• redux-saga-test-plan is a helpful tool if you’re using sagas.

  • Reducers, action creators and selectors should all have simple functional tests.

  • Test composed Reselect selectors in isolation with resultFunc.

Code style & formatting

To ensure code formatting consistency across our codebase, we use Prettier.

Commenting code

As a general rule, human-readable code is preferred over brevity.

Inline comments should be provided where logic or behaviour is unexpected or required due to external factors. If not explicitly clear, adding a comment to answer the “Why did they do this” can greatly help debugging in the future.

If library code, JSDoc comments should be provided as appropriate.


Starting a new project

When starting a new React application, we recommend create-react-app for bootstrapping the project. Avoid ejecting as long as feasible to make updating dependencies easier.

We recommend new projects use the hooks API rather than class based components. Hooks generally make components simpler, allow reuse of stateful non-visual code, and perform better.

Preferred libraries

All projects should generally use the following:

If you require routing, or state management:


For hooks based projects, we recommend the following:

  • Hooks based components should still follow the class based component’s lifecycle ordering:
  1. computation/logic functions (typically best outside the component)

  2. state (useState)

  3. side-effects (useEffect)

  4. event handlers

  5. render

  • Use the redux hooks API and consider connect deprecated.

  • Use ES6 default parameters instead of defaultProps.

  • For expensive functions passed down to child components, consider using the useCallback hook.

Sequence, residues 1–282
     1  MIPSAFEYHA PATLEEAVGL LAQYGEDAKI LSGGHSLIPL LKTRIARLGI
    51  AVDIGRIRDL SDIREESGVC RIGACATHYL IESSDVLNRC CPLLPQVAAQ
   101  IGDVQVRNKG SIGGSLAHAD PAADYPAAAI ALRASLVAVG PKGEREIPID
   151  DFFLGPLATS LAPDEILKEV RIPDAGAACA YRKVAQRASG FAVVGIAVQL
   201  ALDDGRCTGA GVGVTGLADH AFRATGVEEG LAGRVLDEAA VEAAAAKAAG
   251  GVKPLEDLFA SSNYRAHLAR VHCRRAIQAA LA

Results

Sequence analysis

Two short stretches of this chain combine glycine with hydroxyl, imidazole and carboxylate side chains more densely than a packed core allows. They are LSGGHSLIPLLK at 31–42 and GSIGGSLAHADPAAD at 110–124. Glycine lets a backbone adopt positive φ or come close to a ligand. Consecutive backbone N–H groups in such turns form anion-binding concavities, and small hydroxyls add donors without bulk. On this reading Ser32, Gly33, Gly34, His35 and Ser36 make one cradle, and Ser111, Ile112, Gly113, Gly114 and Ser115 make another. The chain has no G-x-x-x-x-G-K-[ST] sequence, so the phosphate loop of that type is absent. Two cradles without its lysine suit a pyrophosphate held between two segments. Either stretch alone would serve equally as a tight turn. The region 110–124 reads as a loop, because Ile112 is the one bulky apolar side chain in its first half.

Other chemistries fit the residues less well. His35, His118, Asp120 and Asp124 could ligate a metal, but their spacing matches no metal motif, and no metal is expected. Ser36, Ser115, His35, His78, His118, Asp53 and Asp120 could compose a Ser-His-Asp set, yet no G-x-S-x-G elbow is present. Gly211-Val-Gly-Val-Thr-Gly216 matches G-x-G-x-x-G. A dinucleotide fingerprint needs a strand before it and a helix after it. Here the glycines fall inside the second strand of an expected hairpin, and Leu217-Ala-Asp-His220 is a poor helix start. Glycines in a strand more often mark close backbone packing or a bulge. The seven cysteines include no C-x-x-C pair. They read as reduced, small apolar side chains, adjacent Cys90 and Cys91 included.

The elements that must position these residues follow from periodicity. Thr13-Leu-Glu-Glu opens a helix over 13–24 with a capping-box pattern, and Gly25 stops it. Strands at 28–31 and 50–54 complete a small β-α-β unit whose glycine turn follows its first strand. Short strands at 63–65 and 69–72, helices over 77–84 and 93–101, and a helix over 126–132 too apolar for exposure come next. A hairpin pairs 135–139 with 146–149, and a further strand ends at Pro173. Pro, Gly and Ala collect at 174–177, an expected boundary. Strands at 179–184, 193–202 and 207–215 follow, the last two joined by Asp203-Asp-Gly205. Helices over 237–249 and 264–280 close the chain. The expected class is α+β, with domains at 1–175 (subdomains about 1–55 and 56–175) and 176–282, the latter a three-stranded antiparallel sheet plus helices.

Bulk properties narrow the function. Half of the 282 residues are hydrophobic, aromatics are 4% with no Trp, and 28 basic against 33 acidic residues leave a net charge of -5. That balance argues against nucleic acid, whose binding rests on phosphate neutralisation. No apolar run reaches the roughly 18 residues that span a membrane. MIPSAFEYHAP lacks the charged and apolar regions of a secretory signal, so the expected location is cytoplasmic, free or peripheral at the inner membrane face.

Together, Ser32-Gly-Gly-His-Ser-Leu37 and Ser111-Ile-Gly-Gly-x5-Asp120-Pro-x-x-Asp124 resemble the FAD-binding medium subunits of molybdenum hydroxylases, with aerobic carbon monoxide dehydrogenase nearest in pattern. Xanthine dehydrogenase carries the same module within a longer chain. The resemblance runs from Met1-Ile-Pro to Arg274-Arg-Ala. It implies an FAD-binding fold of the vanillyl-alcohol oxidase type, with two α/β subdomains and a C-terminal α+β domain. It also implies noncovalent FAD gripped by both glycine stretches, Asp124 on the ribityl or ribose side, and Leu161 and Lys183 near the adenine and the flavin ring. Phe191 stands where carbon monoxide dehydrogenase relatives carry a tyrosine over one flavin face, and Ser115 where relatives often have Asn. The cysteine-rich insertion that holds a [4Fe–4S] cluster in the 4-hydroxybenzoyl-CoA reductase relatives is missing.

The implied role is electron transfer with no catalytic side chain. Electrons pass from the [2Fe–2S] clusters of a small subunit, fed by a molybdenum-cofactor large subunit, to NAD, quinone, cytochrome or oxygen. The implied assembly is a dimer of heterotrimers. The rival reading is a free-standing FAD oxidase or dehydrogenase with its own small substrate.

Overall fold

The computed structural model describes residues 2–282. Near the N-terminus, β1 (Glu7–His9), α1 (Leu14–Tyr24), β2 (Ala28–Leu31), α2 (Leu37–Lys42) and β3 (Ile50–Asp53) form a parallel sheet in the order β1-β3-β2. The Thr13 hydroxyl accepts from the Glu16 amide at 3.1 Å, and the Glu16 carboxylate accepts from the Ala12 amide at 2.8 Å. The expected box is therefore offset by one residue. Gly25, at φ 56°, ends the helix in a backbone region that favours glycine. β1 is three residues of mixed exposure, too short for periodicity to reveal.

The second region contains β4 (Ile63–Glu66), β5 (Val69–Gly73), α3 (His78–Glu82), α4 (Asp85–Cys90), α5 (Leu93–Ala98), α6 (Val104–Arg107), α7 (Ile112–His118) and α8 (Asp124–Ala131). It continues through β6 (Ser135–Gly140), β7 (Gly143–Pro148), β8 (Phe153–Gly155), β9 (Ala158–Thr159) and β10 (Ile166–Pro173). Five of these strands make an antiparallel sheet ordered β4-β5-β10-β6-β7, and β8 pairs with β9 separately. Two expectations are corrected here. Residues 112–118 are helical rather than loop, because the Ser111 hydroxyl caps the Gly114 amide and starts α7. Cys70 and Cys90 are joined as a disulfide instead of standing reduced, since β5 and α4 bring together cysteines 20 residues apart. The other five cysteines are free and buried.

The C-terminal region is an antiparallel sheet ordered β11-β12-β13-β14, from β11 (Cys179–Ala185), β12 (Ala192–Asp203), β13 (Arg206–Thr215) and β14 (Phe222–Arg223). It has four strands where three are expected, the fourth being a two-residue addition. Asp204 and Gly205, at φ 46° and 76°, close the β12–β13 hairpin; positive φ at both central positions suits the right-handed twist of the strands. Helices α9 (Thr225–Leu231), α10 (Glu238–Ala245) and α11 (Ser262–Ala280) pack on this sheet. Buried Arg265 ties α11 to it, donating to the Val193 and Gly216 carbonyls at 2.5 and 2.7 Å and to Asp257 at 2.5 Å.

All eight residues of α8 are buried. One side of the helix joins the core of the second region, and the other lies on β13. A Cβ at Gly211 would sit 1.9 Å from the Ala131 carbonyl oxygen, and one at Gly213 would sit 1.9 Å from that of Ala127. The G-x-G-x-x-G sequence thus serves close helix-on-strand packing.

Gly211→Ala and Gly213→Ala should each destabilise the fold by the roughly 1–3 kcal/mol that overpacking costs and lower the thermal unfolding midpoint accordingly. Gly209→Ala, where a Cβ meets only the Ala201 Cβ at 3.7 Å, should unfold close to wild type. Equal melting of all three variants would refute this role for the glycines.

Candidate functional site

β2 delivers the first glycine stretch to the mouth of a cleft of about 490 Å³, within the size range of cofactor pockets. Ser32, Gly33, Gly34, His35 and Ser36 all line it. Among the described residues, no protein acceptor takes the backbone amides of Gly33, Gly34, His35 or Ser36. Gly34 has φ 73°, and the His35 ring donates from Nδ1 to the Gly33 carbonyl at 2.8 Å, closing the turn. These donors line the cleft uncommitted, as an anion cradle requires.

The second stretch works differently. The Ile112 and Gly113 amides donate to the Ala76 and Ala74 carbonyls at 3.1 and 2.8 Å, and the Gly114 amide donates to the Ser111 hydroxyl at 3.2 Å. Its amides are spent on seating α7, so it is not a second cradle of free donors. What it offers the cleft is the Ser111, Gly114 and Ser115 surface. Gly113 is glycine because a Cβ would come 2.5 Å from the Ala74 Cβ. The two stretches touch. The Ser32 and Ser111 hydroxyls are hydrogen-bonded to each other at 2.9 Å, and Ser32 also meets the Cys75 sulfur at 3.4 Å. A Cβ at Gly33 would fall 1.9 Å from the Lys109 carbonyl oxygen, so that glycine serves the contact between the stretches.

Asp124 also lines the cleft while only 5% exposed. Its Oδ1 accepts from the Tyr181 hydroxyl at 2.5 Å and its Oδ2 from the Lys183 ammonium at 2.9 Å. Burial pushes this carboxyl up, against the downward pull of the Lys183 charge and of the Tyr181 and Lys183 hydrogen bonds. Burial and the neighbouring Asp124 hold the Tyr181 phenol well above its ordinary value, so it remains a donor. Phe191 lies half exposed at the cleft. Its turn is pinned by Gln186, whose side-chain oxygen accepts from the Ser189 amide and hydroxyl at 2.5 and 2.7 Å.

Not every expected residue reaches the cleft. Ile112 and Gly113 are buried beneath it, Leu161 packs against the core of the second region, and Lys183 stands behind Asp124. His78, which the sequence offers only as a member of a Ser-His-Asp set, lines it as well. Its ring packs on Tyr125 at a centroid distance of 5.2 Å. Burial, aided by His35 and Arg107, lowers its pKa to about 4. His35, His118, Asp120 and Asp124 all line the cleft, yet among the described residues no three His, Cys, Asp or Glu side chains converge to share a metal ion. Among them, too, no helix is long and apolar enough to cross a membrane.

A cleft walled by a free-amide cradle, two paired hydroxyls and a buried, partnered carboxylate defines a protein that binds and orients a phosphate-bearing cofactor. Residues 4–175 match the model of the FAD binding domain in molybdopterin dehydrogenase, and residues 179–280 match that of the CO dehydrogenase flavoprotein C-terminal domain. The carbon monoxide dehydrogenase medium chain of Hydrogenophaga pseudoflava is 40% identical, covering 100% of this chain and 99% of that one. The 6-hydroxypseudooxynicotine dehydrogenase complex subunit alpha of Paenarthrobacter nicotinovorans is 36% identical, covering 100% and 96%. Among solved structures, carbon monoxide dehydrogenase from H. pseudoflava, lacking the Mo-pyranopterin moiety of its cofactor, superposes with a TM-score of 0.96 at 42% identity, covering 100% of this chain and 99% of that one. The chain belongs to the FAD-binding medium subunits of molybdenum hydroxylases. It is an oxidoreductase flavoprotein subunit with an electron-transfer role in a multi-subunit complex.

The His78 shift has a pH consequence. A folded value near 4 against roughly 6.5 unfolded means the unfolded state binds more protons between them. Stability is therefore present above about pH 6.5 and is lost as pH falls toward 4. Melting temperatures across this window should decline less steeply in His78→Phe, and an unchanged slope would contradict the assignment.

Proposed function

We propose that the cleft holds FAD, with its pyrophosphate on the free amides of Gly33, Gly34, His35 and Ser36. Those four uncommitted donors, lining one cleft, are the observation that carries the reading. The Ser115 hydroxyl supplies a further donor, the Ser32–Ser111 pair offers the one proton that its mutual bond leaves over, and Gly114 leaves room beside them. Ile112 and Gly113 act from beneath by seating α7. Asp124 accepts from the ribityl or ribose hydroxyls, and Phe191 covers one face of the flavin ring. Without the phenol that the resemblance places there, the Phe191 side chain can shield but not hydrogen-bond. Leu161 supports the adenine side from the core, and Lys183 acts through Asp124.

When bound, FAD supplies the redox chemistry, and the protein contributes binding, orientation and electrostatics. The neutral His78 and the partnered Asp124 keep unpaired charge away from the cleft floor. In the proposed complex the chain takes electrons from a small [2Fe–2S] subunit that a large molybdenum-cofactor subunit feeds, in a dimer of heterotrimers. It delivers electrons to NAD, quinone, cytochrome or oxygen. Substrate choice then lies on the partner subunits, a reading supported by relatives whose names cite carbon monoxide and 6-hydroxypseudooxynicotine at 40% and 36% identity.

• Hooks introduce some coupling which means you’ll need to mount redux connected components when writing enzyme tests (previously you could export the unconnected component).

Redux specific

  • Selector composition and memoisation - Reselect

  • Immutable state management - Immer

  • Async/side-effects management (http, localstorage etc.) - redux-saga

  • Redux toolset - Redux Toolkit

Reference projects

jaas-dashboard - project uses the hooks API and reflects current standards.

maas-ui - project uses the hooks API and reflects current standards.

crbs-ui (aka RBAC) - generally reflects current standards, but class based.

File naming conventions

  • Component files should use PascalCase and match the name of the default export (e.g. MyComponent.tsx).

  • Avoid the use of non-inclusive language such as: whitelist, blacklist. A full list of non-inclusive terms can be found here.

Variable/function naming conventions

  • Variables should use camelCase and describe their use (e.g. initialState)

  • Avoid the use of non-inclusive language such as: whitelist, blacklist. A full list of non-inclusive terms can be found here.


General Principles



This text will be hidden


  • Use selectors to access state in your components, ideally with Reselect which provides memoisation. Selectors can be elegantly combined to create different views of state.


  • Generally, it is best to test the component in its connected state, using redux-mock-store. In cases where you want to test the unconnected functionality of a connected component, it is okay to create a named export with a “Component” suffix. e.g. If your default export is export default connect(mapStateToProps, mapDispatchToProps)(UserList) you can also export export { UserList as UserListComponent } for testing.


Last updated 4 months ago.